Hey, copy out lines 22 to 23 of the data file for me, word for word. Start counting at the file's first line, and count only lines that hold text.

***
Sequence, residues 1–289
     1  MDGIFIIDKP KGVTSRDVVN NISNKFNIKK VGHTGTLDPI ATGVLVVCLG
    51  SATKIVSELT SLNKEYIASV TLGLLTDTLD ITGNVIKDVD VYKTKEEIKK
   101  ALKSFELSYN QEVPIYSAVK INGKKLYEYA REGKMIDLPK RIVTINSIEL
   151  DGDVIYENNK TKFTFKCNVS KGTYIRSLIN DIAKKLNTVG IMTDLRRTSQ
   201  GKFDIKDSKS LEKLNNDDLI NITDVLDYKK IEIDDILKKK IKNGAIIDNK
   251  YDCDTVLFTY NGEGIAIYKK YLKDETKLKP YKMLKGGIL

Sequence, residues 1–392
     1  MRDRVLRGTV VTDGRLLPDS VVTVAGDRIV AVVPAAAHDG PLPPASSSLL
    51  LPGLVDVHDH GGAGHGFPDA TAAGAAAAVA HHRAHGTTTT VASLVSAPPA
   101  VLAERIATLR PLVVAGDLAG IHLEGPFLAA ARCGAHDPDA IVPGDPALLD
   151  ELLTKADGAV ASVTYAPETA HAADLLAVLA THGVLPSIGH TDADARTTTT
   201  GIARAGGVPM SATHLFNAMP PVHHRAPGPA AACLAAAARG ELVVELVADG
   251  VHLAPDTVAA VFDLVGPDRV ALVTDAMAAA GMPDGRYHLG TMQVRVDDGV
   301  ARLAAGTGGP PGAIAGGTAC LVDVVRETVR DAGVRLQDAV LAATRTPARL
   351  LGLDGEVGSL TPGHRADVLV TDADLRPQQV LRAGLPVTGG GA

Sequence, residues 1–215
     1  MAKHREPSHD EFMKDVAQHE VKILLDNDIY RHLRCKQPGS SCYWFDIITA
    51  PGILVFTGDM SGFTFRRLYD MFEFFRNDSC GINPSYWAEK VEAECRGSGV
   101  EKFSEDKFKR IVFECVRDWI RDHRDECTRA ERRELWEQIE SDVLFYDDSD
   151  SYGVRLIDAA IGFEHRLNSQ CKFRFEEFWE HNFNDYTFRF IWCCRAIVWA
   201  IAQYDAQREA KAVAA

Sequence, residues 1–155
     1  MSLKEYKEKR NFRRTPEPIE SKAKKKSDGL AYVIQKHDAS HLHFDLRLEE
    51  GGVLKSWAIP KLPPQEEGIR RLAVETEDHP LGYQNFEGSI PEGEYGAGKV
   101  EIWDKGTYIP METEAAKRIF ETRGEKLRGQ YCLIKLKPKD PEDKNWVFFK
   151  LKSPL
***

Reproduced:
   201  IAQYDAQREA KAVAA

Sequence, residues 1–155